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…And no doubt convening a panel of experts and having Wolf Blitzer quiz them about why the past keeps slipping down the memory hole. (“Hey, don’t you think Wolf can fill a fifteen minute slot with that? Don’t you? Sure he can!”)

Well, the man who dreamed “ain’t no difference if you’re black or white, brothers you know what I mean,” saw it coming…The prophets always do.

(For additional thoughts on Percy Sledge, you can go here or here. For Ben E. King’s recent obit, here.)

IN THE BEGINNING….(Paul Revere, R.I.P.)

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Born Paul Revere Dick, as keyboardist, hustler, entrepreneur and visionary, he ended up leading the most successful “garage” band in the history of rock and roll. It was right that they were the most successful, seeing as how they were the best and had basically helped invent the notion (he was already fronting a local band when he got together with lead singer Mark Lindsay in 1958…they had their first hit in 1961 and recorded their version of “Louie, Louie,” the same week as the Kingsmen and in the same studio, a sequence of events I wrote about here, on the eve of the British Invasion).

The revolutionary war costumes they wore were, of course, a play on his name–and a way to stand out from the crowd (not the mention the crown, as the Brits were certainly coming). Little Steven Van Zandt has repeatedly said on his great radio show Little Steven’s Underground Garage that those costumes–so redolent of dread Show Biz–are the main reason the Raiders have never been nominated for induction into the Rock and Roll Hall of Fame.

Since Little Steven’s on the nominating committee, I’ll assume he knows of whence he speaks.

So maybe, on the occasion of his passing, it’s worth remembering that Paul Revere was a conscientious objector–in 1959. (His assignment to help out on the psych ward at a mental hospital strikes a chord as it sounds very much along the lines of what happened to my father when he tried to register as a C.O. in World War II, though dad got to spend a few years fighting forest fires and a few months being a psych ward test subject first–at least that’s the way he told it some of the time).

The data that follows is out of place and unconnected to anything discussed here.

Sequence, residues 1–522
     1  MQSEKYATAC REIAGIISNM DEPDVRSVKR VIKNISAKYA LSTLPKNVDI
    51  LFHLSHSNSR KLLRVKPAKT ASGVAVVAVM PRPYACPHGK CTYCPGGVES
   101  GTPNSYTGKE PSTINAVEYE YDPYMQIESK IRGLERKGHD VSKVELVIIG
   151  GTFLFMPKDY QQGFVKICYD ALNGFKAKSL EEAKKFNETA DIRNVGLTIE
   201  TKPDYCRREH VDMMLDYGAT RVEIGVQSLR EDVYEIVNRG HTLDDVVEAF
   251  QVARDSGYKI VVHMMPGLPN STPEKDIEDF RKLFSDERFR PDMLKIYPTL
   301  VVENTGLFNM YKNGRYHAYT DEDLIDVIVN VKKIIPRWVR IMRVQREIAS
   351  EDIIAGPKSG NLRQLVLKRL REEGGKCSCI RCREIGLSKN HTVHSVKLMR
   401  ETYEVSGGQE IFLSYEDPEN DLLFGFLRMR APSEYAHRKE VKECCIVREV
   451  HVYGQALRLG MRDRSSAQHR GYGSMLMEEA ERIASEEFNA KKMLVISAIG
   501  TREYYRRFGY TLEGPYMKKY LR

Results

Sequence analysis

That made Revere one of the very few sixties-era musicians who ever walked the walk, and probably the only one who did so long before it was cool to even talk the talk.

And maybe it’s also worth remembering that, however many very temporary diversions there were along the way, the bands he led for nearly sixty of his 76 years (he left the road only a few months before his death) had a single mission from first to last.

And the mission was…Aw, you know what the mission was.

STOMP!

 

WHAT IMPRESSED ME THIS WEEK (A Brief History of White Boy Stomp….From Garage Bands to Quentin Tarantino)

Mojo Workout Paul Revere and the Raiders (Recorded 1964, Released 2000)

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This two-disc set was released by Sundazed in 2000. Basically, it sets out to demonstrate that, before they were the Ultimate Garage Band Made Good, Paul Revere and the Raiders (who came out of the Ultimate Garage Band Scene in the Pacific Northwest) were, well, the Ultimate Garage Band.